Minimize a compromise

June 8, 2021 - 4 minutes read

With so many highly publicized data breaches over the last several months let’s talk about some of the best ways to minimizešŸ” a compromise. It is important to remember that while these suggestions can help minimize a compromise, they will not completely minimize the chances of a data breach or unauthorized access. Just like in winter, wearing multiple layers of clothing is needed to stay warm, cybersecurity requires multiple solutions in place along with policies to stay protected.

Protecting accounts

This is a critical step in preventing a compromise. When a cybercriminal has access to your passwords, you are opening the front door for them to come rob you. Having a password policy that encourages strong passwords that are unique and not used on multiple accounts is one of the best ways to to prevent or minimize a compromise. Keep the following in mind:

  • Consider using a passphrase as longer passwords are typically more secure
  • Make your passwords complex by including upper and lower case letters, numbers, and special characters
  • Each account you have should have its own unique password
  • Minimize shared accounts and shared passwords
  • Use password managers

Data backups

Data backups play a crucial role in minimizing a compromise, especially if you are a victim of ransomware. Having up to date data backups that you can quickly and efficiently restore from can get your business up and running much sooner than if you have no backup policy. Having these backups in place should also minimize the need to pay any ransom for your data. It is important to verify your backups are working correctly and to practice restoring from them to ensure usability.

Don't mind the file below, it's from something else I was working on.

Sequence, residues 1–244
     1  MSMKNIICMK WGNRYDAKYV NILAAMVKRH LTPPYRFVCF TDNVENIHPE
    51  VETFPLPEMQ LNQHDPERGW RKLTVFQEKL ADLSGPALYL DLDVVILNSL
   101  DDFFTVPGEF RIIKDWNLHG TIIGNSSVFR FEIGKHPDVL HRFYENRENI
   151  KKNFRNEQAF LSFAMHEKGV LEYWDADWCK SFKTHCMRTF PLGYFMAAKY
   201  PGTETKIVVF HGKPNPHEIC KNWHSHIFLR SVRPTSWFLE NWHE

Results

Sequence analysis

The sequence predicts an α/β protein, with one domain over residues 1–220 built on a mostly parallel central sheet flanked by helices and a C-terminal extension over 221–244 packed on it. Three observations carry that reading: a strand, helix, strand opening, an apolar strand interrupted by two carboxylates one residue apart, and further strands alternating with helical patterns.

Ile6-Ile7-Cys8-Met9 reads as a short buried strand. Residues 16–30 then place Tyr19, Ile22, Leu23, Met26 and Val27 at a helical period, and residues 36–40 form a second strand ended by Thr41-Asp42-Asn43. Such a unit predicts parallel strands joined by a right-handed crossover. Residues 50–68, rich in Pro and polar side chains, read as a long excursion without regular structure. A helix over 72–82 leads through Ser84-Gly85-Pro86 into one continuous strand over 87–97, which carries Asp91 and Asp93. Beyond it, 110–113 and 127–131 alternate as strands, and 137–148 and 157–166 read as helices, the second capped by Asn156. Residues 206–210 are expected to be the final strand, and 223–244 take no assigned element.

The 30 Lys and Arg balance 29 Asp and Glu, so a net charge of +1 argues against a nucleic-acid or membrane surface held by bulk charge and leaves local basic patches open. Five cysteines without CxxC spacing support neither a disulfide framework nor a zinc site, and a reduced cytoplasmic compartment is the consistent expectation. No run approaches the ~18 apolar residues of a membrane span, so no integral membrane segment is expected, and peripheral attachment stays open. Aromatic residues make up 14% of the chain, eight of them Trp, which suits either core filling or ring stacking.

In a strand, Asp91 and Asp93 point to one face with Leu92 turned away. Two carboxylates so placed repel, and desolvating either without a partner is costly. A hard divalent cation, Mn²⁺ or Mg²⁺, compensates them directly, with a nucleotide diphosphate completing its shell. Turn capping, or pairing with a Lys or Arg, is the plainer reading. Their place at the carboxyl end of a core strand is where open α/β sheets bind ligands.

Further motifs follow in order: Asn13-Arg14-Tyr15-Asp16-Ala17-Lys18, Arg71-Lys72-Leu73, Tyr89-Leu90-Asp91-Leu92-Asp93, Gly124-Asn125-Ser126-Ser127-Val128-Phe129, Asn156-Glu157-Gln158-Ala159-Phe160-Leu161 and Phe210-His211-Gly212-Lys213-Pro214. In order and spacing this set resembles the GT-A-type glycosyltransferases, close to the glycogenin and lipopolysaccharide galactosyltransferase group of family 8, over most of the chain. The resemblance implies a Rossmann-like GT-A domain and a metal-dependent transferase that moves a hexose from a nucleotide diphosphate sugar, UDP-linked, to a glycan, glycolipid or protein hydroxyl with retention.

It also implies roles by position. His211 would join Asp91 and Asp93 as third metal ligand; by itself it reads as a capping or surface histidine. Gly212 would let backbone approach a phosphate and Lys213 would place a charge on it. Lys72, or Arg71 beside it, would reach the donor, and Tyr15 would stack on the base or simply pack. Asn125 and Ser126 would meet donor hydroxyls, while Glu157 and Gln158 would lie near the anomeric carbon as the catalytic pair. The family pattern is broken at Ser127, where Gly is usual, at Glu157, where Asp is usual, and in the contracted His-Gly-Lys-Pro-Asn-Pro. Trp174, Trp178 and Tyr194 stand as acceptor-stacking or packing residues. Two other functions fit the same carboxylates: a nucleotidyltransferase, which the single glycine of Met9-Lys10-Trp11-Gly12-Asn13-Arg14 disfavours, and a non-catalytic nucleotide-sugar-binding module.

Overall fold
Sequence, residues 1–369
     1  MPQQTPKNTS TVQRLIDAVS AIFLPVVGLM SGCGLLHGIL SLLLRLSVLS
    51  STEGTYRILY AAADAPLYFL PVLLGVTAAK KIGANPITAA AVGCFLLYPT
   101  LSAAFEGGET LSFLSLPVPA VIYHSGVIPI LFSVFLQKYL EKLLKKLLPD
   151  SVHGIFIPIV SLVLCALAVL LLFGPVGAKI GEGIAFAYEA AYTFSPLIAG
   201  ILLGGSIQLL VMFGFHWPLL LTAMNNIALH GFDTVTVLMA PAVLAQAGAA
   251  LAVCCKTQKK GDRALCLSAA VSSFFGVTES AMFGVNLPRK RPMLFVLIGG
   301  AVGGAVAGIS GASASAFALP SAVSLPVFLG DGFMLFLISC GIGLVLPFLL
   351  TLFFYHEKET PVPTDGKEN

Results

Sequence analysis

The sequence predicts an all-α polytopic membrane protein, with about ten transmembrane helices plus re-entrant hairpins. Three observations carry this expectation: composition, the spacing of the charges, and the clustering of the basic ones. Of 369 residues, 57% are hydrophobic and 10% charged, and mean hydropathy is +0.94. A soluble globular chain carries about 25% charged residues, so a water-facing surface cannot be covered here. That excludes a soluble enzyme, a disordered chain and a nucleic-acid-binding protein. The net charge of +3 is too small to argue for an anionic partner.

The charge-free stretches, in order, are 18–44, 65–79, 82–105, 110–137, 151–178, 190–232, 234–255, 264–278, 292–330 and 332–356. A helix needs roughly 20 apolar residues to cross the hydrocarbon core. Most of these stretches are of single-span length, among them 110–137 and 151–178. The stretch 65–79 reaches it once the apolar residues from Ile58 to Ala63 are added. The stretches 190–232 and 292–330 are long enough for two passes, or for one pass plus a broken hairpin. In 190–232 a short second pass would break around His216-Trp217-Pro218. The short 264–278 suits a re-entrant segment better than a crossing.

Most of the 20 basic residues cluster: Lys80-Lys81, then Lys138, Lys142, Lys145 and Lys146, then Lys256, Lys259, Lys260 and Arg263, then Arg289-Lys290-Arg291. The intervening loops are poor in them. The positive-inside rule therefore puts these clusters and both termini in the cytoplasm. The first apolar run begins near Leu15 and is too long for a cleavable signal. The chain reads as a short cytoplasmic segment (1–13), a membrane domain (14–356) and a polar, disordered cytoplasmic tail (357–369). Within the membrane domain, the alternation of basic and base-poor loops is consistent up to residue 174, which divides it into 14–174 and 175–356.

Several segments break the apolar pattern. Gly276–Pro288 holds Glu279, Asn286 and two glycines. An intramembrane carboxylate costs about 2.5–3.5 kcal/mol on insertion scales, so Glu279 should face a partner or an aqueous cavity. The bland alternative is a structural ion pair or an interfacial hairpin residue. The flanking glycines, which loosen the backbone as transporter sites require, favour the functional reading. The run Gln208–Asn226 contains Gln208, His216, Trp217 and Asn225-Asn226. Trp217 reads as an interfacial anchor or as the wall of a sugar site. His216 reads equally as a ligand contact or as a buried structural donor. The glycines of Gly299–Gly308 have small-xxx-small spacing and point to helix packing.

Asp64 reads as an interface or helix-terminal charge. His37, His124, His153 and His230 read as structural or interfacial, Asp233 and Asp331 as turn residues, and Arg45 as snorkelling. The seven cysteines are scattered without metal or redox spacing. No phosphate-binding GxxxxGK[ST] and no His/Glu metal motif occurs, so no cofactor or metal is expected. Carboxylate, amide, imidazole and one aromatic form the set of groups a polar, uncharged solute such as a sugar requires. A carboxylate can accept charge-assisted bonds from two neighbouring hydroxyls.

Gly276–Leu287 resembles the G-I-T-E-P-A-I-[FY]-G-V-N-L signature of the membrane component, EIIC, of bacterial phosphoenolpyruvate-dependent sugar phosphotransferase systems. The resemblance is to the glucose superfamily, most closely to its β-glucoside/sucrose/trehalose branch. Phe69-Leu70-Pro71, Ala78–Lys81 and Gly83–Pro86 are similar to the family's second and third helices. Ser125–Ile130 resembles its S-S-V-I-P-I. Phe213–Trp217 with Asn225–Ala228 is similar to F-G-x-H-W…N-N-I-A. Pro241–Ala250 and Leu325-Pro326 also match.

Device updates

Updating your software or your smartphone apps can get annoying, but these are a must do. These updates can fix security vulnerabilities, provide a better user experience, implement useful new features, allow for better customization and oftentimes provide better battery power, quicker processing power, or better connectivity.

Not only does your software need to be updated, sometimes your hardware does too. Commonly forgotten hardware that receives updates are: printers, WiFi routers, internet modems, smart devices, security cameras,Ā 

Knowing your network

Understanding your network is important in protecting it. This means you know what data you have, if that data is confidential and sensitive, who is supposed to have access to the data, what devices are on your network, etc. One of the most important things you can do is to scan your network, both internally and externally. These scans can provide great insight into your network, allowing you to see your network as a hacker would. This lets you then fix any of the vulnerabilities you have found. You may also even find an unauthorized user on your network!

Phishing emails

By now, many people are aware of what phishing emails are and what they look like. They are a form of social engineering, tricking us into letting the hacker get access to our data. Phishing is also usually the first interaction we have with the cybercriminals. According to SecurityMagazine.com, over 3 billion fake emails are sent every day! Because of this it is important to stay diligent, but also to leverage cybersecurity tools to help prevent these emails from ever getting to you.

Raising awareness

Lastly, it is just as important to raise awareness with your employees about the threats they face from cybercriminals. Include short conversations in meetings, send email notifications and reminders, and challenge them to practice smart cyber actions. Make cybersecurity be part of your business culture!

For more information on cybersecurity check out Small Business, Big Threat!